More than 90% of cancer deaths are caused by tumor metastasis, and growing evidence suggests that autophagy is closely associated with tumor metastasis [12, 13]. Autophagy is a ubiquitous physiological mechanism in normal and pathological cells. It is the phagocytosis and degradation process of lysosomes on damaged cell structures, senescent organelles and other biological macromolecules. [14, 15]. This process plays an important role in maintaining cell metabolism balance and internal environment stability . In GC, autophagy is associated with cell migration and invasion, which may involve activation of the phosphatidylinositol 3-kinase (PI3K)/Akt/mammalian target of rapamycin (mTOR) signaling pathway . It is unclear whether E2F2 plays a mediating role in these processes.
Here, we investigated E2F2 expression and mutations in GC patients from The Cancer Genome Atlas (TCGA) and various public databases. Using multidimensional analysis, we evaluated the E2F2-related genomic alterations and functional networks in GC and explored their roles in tumor immunity. Finally, we studied GC cell lines to validate the high expression of E2F2 in GC and examined the function of E2F2 in GC cell invasion, migration, and autophagy. Our data show that E2F2 mediated autophagy through the PI3K/Akt/mTOR pathway, which is a novel role for E2F2 in GC cell metastasis.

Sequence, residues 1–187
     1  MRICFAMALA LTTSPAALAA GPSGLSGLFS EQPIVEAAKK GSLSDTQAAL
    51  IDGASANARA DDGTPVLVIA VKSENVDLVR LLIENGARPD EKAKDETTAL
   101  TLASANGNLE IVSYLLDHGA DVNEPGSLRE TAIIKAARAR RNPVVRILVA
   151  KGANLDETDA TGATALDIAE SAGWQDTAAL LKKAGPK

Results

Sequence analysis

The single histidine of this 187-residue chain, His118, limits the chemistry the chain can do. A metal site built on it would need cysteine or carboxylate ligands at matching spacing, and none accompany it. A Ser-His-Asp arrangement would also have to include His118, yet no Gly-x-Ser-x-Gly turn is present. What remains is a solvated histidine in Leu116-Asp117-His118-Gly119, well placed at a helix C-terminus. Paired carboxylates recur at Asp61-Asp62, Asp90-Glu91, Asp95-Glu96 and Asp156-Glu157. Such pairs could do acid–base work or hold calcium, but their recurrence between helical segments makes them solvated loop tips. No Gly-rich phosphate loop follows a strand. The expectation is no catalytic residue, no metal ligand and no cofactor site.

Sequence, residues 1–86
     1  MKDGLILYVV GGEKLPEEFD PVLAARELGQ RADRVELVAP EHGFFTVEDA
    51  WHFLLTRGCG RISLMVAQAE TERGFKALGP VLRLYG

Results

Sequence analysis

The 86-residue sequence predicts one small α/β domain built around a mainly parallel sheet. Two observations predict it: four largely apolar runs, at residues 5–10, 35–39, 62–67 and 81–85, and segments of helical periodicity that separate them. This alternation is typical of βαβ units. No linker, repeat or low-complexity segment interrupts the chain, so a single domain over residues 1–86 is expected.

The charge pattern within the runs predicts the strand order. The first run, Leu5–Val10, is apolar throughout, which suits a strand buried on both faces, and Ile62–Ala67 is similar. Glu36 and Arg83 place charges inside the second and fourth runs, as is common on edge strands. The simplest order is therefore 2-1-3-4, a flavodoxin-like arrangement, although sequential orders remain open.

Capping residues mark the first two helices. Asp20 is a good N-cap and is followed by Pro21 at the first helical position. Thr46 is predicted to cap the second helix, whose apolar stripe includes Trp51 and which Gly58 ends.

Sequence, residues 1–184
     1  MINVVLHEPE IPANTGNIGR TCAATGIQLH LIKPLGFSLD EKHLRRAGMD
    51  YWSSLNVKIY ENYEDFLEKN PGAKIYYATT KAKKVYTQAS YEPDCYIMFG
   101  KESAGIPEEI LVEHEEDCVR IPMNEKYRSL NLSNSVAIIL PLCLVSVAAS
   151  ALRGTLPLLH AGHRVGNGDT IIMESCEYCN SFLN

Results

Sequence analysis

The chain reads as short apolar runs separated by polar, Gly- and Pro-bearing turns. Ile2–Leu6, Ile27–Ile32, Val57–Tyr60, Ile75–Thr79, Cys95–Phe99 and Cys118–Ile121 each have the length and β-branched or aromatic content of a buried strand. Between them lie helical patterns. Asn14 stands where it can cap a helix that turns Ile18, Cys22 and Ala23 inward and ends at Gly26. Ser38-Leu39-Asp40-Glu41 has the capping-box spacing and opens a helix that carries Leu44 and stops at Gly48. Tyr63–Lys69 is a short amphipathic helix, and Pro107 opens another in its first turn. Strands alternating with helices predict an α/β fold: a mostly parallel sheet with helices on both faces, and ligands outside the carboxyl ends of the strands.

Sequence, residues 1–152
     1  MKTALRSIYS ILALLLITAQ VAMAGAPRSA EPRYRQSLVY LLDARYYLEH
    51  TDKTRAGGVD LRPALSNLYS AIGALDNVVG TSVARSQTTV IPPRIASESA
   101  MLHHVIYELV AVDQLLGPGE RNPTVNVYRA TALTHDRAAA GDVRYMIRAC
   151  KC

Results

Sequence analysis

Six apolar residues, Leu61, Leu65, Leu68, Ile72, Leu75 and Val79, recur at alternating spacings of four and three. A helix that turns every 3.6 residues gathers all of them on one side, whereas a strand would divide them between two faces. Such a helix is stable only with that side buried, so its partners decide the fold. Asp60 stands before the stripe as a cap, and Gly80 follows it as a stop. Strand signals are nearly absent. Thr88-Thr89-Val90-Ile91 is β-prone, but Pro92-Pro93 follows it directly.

Materials and Methods
The ONCOMINE Database (http://www.oncomine.org) is a cancer microarray database and integrated data mining platform that can classify differential expression levels among common cancer types, corresponding normal tissue and clinical and pathological data . In our study, the transcriptional expression data of E2F2 in different cancer tissues and corresponding adjacent normal tissues were obtained from the ONCOMINE database.
UALCAN (http://ualcan.path.uab.edu) is a comprehensive and interactive web resource for analyzing clinical data of 31 cancer types in the TCGA database . In this study, UALCAN was used to analyze the mRNA expression of E2F2 in primary gastric cancer tissues and the relationship between this protein and clinicopathological parameters.
The (GEPIA) database for interactive analysis of gene expression profiles (http://gepia.cancer-pku.cn/) is an interactive web-based tool containing 9736 tumors and 8587 normal samples from the TCGA and GTEx projects . In this study, GEPIA was used to verify E2F2 expression in GC.
The LinkedOmics database (http://www.linkedomics.org/login.php) is publicly available portal that includes multi-omics data from all 32 TCGA Cancer types. It also includes mass spectrometry-based proteomics data generated by the Clinical Proteomics Tumor Analysis Consortium (CPTAC) . The Pearson co-expression network was statistically analyzed using the E2F2 correlation coefficient and was displayed in the form of a volcano map, heat map or scatter diagram. The rank criterion was FDR < 0.05 when 1000 simulations were performed.
cBioPortal includes data from 478 gastric cancer pathology reports from the TCGA . It provides visualization, analysis and download of large-scale cancer genomics data. The E2F2 mutation, copy number variation (CNV) and gene co-occurrence in GC were analyzed by the c-BioPortal tool.
TIMER (https://cistrome.shinyapps.io/timer/) is a comprehensive resource for systematic analysis of immune infiltration in various cancer types and includes 10,897 samples from 32 cancer types . TIMER used the deconvolution method  to infer the abundance of tumor-infiltrating immune cells (TIICs) from the gene expression profile. We analyzed the expression of E2F2 in STAD and the correlation between the expression of E2F2 and the content of immune-infiltrating fluid.